American Sign Language, like all languages, is a language and therefore different from English. The parent language of ASL is actually LSF, langue des signes française, and the parent language of LSF is French. There are also other influences on ASL such as home sign, Martha's Vineyard sign language, and the sign languages of the indigenous populations of the Americas. Therefore, to say that ASL is just like English or easy because it is similar to English, is false.
In some ways ASL is difficult to learn. If you were to take another spoken language your working memory still works in the same capacity. However, by taking ASL your working memory does not function the same way because you are not working in the visual-spatial modality (Williams et al., 2015). This means that a students' ability to retain information is shorten.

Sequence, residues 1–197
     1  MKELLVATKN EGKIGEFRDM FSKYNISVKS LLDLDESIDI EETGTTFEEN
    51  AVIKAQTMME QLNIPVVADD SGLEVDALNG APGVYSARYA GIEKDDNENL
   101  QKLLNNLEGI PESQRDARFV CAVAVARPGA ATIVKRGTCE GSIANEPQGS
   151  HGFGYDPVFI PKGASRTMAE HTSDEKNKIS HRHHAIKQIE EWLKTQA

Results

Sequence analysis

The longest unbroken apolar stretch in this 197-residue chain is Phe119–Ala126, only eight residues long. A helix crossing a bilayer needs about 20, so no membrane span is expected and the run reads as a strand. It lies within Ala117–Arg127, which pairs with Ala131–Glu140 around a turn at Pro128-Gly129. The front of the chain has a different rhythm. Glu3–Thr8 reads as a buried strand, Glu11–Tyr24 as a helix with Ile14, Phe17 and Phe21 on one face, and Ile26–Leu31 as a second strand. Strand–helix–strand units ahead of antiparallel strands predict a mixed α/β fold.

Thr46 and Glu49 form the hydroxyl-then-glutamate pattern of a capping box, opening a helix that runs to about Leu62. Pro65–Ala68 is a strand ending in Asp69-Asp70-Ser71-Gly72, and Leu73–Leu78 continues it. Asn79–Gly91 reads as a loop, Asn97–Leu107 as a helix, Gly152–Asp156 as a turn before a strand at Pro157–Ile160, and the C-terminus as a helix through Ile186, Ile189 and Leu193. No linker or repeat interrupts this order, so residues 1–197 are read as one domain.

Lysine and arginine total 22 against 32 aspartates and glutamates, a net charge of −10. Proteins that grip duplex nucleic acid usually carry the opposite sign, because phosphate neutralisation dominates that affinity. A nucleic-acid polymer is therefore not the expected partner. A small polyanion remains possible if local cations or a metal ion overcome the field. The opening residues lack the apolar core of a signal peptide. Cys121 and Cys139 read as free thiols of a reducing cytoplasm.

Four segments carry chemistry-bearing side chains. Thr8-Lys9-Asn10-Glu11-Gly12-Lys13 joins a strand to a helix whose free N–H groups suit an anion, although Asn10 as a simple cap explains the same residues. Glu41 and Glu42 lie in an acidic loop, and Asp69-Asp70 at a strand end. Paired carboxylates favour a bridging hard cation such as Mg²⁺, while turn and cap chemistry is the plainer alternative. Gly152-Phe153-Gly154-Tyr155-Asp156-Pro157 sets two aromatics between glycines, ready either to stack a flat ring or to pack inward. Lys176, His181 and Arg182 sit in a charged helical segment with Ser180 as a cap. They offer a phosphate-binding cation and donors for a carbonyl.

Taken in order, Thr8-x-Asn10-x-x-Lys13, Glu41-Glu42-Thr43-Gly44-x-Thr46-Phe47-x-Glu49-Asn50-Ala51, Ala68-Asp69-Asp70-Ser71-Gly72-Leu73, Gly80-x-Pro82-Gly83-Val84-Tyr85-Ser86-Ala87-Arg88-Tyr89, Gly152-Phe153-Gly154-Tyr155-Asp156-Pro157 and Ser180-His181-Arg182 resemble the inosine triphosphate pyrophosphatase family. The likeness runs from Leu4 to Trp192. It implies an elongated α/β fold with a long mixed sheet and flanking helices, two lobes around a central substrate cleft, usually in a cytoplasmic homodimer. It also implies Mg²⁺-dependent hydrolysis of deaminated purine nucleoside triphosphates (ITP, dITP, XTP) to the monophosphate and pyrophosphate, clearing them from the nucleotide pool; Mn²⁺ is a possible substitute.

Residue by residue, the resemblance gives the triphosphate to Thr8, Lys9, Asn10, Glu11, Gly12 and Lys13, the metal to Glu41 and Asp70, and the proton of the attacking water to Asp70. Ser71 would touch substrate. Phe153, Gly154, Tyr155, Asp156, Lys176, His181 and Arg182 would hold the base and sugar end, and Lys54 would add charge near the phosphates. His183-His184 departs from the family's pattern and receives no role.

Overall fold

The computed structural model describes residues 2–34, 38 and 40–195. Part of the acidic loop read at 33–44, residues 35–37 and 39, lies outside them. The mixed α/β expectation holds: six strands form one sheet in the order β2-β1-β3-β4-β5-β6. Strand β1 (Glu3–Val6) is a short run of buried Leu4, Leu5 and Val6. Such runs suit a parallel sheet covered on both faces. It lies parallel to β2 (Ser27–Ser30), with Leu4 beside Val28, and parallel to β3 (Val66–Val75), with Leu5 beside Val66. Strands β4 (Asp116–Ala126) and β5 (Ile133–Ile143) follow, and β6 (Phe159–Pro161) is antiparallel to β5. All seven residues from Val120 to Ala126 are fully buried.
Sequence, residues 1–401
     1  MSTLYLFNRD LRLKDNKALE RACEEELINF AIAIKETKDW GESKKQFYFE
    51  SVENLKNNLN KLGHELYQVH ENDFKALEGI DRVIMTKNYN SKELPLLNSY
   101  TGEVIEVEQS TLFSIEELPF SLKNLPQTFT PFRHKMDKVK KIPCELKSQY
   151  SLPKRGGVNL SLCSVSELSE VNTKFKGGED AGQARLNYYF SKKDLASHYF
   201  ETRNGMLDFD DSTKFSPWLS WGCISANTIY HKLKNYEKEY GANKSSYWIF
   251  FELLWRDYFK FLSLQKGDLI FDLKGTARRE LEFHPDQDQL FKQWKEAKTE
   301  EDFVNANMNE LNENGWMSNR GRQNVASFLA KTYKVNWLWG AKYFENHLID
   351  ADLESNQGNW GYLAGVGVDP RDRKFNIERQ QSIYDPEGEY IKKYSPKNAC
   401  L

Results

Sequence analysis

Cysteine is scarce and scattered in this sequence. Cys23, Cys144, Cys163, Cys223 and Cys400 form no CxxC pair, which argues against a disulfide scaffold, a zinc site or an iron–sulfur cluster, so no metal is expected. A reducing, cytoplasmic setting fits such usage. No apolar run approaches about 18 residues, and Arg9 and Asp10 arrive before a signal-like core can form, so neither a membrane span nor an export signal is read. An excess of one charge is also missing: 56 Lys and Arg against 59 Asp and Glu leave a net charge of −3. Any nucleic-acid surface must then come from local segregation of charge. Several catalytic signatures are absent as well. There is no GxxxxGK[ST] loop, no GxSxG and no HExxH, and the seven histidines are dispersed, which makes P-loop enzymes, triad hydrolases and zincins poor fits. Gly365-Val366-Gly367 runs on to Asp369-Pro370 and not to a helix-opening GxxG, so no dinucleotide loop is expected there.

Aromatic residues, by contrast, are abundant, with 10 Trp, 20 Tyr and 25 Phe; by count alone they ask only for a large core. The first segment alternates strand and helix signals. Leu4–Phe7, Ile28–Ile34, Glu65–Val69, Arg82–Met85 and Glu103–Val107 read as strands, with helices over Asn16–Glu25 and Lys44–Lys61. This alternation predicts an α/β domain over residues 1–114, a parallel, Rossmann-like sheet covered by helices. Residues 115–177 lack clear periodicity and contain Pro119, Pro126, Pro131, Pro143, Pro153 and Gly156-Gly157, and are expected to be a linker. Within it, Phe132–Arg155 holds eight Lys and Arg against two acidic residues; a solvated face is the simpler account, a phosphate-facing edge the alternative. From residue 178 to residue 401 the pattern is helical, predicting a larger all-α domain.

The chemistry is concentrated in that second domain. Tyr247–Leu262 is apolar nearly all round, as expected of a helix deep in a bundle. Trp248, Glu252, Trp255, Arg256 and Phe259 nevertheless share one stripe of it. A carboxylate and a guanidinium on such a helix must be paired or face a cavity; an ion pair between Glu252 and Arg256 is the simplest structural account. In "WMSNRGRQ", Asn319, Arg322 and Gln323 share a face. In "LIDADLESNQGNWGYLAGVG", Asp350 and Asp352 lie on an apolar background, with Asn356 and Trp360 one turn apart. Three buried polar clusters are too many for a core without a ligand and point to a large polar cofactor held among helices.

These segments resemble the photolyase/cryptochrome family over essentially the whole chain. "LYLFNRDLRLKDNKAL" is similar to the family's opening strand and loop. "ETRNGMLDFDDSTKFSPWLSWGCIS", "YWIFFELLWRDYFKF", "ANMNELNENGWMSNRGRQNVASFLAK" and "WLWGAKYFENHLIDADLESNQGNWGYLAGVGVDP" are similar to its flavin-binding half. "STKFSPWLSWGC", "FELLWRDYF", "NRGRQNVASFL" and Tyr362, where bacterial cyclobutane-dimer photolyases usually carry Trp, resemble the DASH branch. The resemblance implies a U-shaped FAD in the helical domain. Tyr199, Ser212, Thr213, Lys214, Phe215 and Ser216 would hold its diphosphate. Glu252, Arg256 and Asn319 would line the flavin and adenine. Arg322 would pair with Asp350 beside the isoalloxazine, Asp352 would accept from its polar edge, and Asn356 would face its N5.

Since an ASL GLOSS can be created to give a written transcript of signs, it also becomes difficult for students because they want to write in English but they actually have to write in ASL GLOSS. In addition, when students freely sign, they tend to follow the English sentence format and not the traditional, ASL sentence structure.
Although components of ASL can be easier than Spanish or French, ASL is not automatically the easier language. You will still need to work hard, study, and practice.